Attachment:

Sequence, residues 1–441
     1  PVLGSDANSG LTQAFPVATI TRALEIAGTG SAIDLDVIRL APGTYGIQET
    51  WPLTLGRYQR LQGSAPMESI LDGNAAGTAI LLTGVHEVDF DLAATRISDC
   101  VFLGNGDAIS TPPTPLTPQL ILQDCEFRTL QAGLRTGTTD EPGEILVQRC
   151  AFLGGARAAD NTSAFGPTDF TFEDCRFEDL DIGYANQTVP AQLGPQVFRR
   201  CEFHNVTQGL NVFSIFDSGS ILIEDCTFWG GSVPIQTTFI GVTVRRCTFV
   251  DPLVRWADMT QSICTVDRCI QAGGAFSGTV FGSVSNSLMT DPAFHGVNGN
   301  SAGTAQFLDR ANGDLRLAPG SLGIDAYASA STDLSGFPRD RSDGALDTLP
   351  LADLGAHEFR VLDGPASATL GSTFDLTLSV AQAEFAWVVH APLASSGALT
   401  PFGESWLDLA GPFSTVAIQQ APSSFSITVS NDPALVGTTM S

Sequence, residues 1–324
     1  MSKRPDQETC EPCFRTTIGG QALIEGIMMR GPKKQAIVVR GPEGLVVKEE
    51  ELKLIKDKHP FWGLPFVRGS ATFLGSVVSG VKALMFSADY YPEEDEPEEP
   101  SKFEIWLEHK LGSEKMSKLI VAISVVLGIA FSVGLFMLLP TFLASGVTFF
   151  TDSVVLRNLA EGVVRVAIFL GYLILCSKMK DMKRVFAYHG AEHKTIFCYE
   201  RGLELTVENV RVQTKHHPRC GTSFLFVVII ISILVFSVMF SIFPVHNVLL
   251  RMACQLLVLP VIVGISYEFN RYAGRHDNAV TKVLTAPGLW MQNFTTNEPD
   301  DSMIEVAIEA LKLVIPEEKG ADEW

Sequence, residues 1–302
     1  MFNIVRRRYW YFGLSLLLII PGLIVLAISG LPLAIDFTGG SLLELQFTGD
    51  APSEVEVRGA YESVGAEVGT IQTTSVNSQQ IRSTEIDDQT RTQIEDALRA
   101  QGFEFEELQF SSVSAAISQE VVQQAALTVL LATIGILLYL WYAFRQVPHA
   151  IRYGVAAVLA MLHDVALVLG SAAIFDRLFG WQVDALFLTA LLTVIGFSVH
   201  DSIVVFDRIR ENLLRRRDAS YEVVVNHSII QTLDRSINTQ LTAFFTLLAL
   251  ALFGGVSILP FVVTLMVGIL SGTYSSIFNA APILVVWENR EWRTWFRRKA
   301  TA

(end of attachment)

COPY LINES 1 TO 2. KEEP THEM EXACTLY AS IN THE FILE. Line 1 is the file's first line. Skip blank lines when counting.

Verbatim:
Sequence, residues 1–441
     1  PVLGSDANSG LTQAFPVATI TRALEIAGTG SAIDLDVIRL APGTYGIQET